I hope you’re all well and staying safe. I’m having a fun time juggling a one-year-old, passing her back and forth to my wife (who is also now working from home). Other than that, social distancing comes easy to a writer.
Onto the post!
Three new covers, coming right up.
#1 — PATHOGENS
The more astute of you may have noticed that PATHOGENShas a new cover.
First, let me say that there’s a lot I like about the original cover. The detail work is stunning. That rat is amazing. The layers in the image are rich and deep. I also enjoy the throwback to Salvador Dali.
But, ultimately, I needed to change the cover for two reasons. First, I felt like the cover wasn’t closely related to INFECTEDenough — and since these are “equels” (not sequels or prequels, but occur simultaneously), I wanted them better linked.
See how they’re a better fit now? And of course the original Dali photo for reference.
Additionally, PATHOGENS sales were the worst of the (at the time) four books. Since I’ve updated the cover, sales have gone up. What do you think? Which do you prefer?
#2 — MURDERED
Right now, I’m in the process of updating the cover for MURDERED.
The impetus for this change was not in my control, actually. I started running Amazon Ads this year, and MURDERED was flagged for “excessive gore.” After a few back and forths with the customer service team, they clarified that the blood and (possible) corpse in the foreground was the issue — either change the cover, or lose advertising rights.
I decided to use this as an opportunity to “fix” a few issues I had with the cover. Or, I suppose, to apply lessons I’d learned over the years. First, was to get rid of the body. Okay, done. Now we have the gun atop the crate with the “pick me up” note featured at the start of the story.
Second, was to increase the size of the title. I asked the original artist to repeat the title on the police ticker tape, but in hindsight I shouldn’t have done. Additionally, the police tape was too muted — and after I added the CYP logo, didn’t fit the color scheme.
I added further police tape for my author name, adjusted the size and location of the images, and cropped out a “CYP” lamp, which was redundant given the logo.
What do you think? Which do you like better?
#3 — SPIED
A new cover for a new book.
What do you think? The cover for SPIED (still a work in progress, sorry), was “leaked” in late 2019 (by me, on Facebook& Instagram).
I’m a bit behind schedule on my Click Your Poison releases, but I’ll chalk that up to:
I’ve moved from the UK back to the US.
I’m now a father. Babies take time; writing requires sleep.
I wrote side-project. A linnear, coming-of-age novel.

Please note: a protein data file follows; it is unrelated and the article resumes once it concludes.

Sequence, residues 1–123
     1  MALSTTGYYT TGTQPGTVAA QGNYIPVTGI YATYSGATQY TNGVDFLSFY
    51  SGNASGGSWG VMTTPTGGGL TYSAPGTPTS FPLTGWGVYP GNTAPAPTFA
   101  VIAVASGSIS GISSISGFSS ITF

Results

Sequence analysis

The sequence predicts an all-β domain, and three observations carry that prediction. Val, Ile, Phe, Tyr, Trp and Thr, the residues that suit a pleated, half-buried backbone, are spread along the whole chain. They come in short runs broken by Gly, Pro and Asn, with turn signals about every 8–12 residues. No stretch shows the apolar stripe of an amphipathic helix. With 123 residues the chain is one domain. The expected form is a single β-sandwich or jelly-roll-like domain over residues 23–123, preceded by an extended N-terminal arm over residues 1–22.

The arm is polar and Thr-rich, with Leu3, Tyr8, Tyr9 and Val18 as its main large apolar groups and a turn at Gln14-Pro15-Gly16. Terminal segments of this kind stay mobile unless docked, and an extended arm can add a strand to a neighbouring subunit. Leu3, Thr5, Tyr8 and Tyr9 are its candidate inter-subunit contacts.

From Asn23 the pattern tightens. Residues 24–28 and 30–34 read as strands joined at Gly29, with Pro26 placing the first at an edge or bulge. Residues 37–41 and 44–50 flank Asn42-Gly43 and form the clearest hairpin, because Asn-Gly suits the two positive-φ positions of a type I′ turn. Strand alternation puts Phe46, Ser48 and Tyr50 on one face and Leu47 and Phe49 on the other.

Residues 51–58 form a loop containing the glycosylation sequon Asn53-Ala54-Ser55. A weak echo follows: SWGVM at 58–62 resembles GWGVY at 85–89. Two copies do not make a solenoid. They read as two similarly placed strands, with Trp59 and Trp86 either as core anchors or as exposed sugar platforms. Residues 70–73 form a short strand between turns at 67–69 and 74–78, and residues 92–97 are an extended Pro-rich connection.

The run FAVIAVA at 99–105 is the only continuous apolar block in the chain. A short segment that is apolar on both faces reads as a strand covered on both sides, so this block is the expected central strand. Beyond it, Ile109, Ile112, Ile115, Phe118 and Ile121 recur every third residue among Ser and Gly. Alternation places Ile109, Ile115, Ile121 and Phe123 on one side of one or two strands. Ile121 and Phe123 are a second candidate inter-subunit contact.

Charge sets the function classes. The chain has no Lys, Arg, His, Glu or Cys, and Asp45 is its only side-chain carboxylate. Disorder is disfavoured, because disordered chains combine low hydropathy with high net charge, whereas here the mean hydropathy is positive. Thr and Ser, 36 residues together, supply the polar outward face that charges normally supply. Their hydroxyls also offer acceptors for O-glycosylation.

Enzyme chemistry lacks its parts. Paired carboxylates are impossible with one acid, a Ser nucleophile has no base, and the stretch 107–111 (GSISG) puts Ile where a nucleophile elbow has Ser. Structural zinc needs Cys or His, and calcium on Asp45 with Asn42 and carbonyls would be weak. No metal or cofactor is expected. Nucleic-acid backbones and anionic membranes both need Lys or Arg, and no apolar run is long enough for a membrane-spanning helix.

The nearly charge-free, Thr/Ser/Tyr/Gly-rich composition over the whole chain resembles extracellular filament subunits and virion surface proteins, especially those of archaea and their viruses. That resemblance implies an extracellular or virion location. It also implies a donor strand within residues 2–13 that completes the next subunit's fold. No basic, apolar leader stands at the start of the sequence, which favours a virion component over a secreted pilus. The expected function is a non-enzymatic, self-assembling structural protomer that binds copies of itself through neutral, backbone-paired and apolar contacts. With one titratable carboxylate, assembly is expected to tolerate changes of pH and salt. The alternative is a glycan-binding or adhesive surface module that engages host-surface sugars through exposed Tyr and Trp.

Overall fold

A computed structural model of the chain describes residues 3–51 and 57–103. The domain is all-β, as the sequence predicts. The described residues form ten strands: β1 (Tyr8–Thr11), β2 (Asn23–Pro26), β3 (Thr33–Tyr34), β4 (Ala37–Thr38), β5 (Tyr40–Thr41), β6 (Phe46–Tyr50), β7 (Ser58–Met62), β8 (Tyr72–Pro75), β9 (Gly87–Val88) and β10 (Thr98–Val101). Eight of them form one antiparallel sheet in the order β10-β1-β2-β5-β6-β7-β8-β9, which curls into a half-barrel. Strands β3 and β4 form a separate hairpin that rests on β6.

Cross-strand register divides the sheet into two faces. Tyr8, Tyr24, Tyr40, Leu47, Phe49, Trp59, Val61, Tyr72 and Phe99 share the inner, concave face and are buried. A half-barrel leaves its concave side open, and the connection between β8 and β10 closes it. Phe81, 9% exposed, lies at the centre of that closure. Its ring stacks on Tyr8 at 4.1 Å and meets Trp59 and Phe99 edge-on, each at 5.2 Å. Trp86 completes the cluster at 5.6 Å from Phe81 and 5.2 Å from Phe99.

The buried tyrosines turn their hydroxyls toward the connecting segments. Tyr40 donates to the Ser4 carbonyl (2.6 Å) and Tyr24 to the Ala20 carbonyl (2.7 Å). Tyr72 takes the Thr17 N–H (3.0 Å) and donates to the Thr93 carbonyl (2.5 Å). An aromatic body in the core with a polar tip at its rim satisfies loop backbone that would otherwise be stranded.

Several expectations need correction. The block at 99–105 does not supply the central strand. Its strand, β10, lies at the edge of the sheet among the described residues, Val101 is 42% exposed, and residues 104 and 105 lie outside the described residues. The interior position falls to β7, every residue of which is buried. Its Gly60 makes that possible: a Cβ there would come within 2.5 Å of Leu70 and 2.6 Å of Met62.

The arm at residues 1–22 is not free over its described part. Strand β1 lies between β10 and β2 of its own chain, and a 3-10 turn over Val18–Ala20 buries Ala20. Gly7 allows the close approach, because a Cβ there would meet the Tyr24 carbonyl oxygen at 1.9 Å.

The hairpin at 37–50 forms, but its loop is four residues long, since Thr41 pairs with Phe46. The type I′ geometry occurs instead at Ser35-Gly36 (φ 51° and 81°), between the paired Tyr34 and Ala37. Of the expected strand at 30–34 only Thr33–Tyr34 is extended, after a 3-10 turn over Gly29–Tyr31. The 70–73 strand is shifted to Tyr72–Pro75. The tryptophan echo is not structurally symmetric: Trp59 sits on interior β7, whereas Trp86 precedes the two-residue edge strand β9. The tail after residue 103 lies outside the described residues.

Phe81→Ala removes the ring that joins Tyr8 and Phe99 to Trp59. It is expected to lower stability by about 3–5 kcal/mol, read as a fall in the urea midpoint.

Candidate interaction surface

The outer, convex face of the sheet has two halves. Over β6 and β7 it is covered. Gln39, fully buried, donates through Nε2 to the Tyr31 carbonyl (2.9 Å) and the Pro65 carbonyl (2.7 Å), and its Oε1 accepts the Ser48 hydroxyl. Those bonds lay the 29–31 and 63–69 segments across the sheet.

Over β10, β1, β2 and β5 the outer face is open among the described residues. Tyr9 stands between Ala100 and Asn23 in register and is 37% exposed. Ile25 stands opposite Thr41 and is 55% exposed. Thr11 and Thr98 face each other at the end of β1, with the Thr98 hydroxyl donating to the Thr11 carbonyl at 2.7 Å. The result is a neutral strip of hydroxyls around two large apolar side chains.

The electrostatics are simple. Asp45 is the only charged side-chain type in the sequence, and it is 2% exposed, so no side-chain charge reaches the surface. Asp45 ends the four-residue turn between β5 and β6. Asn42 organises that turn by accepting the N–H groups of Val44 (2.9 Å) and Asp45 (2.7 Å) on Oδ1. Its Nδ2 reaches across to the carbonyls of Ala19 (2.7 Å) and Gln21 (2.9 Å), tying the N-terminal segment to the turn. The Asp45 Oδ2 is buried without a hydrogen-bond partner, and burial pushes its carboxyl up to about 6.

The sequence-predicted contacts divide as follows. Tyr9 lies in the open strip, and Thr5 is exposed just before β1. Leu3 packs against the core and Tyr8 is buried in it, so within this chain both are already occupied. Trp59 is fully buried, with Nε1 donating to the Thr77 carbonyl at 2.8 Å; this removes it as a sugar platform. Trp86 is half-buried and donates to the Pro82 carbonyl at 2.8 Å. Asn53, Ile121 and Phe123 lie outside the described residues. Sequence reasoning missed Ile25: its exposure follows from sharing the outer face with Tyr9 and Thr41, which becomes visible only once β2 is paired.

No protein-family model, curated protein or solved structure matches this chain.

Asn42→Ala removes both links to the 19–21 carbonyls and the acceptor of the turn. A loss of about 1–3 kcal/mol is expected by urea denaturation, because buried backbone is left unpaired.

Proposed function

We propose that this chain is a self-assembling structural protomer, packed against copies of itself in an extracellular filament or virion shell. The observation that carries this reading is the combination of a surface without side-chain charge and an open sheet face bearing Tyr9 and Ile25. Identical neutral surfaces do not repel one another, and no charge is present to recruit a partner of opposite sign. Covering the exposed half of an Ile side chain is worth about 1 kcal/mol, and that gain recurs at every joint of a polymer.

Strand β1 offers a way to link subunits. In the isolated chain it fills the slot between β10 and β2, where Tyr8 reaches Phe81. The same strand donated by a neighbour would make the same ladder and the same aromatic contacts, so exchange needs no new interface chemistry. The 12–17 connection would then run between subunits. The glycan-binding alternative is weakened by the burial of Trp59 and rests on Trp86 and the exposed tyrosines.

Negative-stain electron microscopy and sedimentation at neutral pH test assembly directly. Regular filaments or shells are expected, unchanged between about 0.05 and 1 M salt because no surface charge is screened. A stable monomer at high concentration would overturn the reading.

I’m very proud of #3 (and #2, obviously. #1 I’m actually pretty sad about), and I’m trying to take this novel to a traditional publisher to find a bigger audience. But of course, this takes time. So, please bear with me, stay patient, and more interactive goodies will come your way soon. I’m still working on SPIED — and others!
What do YOU think? Leave a comment below to join in the conversation.
Thanks for reading, and don’t forget to share and subscribe!
Merry December! You’ve survived Black Friday and Cyber Monday, but what about Author Tuesday? You know, the not-at-all made up day where you buy books! Still need something for Secret Santa? Or maybe it’s time for a little something, something for yourself.
Well, it’s time for my annual Sign & Ship™. I only do this once a year, so if you want a signed book or five, let me know! Just drop me a line on my contact page, and we’ll sort everything out.
If you act quickly, I can get you personalized, autographed books prior to December 25th. And I’m more than happy to wish your loved ones a Happy Holiday of your choice, or even a happy birthday if you’re the gift-giving sort of prepper who plans ahead.
In keeping with the holiday spirit, it’ll only cost you $20 for a brand new book, signed and shipped. Interested? Let me know on my contact page. Merry Happy!
So, how many people called you about Bandersnatch?
Deb: More than sent me those weird New Year’s Facebook messenger memes!
James: With the cats?
Deb: Yeah, the creepy cats. People were messaging and even emailing saying, “Black Mirror have done a You Say Which Way! You’ll love it.”
James: Same. With a bit of, “You should get them to do your Click Your Poison series on Netflix!” Aha! Good point, friend. I’m just going to flip the Netflix switch on my books from “disabled” to “ready.”
Deb: And when I searched #Bandersnatch it turned out it wasn’t just geeky interactive fiction writers talking about it. Bandersnatch had millions of viewers talking about endings and story and replay. Which is quite exciting. I’m always a little bit worried people will forget how cool interactive is.